The Neotrygon Kuhlii, or Blue Spotted Stingray, belongs to the dasyatidae family that is commonly found in the major waters of Asia, in some parts of Africa (Madagascar) and in the northern waters of Australia. As their name goes, they posses blue spots all over their green bodies. It is first discovered in Java, Indonesia by Heinrich Kuhl. They have flat, disk-shaped bodies that seem to “fly” underwater.
They are found in water depths of 0 to 90 meters, mostly on rock reefs. They can grow up to 70 cm in length and 42 cm in diameter. They feed primarily on shrimps, small bony fishes, worms, mollusks and crabs using the food-crushing plates on both side of its mouth. The stingray is found in solitude most of the time. Additionally, they stay just above the sea floor to feed, and they also use the floor for camouflage, hiding their bodies under the sand to get away from predators. Sometimes they tend to move to reef flats or shallow lagoons, but only on high tides. They are also oviviparous, which mean that they keep their eggs inside their bodies until they hatch. They can give birth to up to 7 pups per year.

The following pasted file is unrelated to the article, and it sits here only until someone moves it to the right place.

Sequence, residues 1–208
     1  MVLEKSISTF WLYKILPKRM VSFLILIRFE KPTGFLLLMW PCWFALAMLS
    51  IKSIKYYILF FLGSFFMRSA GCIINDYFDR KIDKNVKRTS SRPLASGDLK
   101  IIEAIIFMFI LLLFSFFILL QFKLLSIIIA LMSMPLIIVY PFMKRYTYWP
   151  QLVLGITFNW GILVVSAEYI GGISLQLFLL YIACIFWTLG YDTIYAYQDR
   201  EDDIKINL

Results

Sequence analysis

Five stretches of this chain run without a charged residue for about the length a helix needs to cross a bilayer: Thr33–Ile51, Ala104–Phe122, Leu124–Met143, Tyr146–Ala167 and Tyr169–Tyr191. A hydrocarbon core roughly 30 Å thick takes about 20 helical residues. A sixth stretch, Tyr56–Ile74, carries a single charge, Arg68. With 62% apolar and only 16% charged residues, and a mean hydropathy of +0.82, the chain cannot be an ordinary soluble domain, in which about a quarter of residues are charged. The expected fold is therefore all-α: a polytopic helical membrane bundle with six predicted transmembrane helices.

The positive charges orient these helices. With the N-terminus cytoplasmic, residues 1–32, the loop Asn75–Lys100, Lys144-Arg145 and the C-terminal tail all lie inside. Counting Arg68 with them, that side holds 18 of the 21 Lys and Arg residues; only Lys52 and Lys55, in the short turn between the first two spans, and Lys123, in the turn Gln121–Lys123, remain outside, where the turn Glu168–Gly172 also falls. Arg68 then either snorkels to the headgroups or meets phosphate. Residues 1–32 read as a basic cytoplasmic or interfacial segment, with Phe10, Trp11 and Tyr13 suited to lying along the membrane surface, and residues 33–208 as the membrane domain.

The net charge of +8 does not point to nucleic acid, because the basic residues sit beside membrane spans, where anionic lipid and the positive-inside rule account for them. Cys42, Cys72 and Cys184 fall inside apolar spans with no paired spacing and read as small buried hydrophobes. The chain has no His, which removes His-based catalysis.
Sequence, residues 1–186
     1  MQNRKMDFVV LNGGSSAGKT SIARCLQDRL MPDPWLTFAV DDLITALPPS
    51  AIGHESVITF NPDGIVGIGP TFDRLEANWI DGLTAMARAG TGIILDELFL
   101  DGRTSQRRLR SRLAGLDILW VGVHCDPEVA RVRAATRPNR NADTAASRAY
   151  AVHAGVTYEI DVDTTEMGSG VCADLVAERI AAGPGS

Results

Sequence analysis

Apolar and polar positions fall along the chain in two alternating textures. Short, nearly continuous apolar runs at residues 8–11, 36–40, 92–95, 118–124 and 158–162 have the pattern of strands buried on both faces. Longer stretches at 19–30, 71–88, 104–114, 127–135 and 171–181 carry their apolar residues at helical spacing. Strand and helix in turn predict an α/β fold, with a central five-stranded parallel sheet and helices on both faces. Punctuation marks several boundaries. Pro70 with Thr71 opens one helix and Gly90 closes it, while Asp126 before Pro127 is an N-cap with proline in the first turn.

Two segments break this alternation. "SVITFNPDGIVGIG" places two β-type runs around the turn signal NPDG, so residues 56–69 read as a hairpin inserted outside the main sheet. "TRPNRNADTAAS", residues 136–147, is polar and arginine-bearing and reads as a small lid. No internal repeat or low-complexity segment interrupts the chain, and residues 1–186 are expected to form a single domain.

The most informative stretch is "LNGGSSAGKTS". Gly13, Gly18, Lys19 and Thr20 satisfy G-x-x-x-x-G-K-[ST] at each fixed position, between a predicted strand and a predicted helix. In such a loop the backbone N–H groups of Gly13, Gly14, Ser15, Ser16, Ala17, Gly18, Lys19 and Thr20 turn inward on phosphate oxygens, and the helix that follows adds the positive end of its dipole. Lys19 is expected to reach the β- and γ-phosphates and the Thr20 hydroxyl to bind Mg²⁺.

Blue-Spotted Stingray, are commonly mistaken for Blue-Spotted Ribbontail Ray (Taeniura lymma), which is rounder in shape and the spots are more visible. The Blue Spotted Stingray has two pairs of venomous spines, approximately 12 inches long for the longer spine, which are used to protect it from predators. Both species can be seen in Dauin’s dive-sites like the El Dorado House Reef and Masaplod Norte. The Blue Spotted Ribbontail Ray usually hides in holes under small rocks or coral bommies while the Blue Spotted Stingray digs himself into the sand close to the reef.